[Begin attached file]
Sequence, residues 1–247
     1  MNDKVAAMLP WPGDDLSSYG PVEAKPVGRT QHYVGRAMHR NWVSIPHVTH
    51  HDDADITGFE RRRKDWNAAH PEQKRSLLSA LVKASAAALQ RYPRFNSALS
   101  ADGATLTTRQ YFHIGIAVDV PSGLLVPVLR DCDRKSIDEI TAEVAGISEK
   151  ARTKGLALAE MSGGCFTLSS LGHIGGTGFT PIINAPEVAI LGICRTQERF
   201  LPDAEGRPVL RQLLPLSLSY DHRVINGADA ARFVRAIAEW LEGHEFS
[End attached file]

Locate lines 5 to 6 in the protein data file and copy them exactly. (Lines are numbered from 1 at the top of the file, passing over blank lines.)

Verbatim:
   151  ARTKGLALAE MSGGCFTLSS LGHIGGTGFT PIINAPEVAI LGICRTQERF
   201  LPDAEGRPVL RQLLPLSLSY DHRVINGADA ARFVRAIAEW LEGHEFS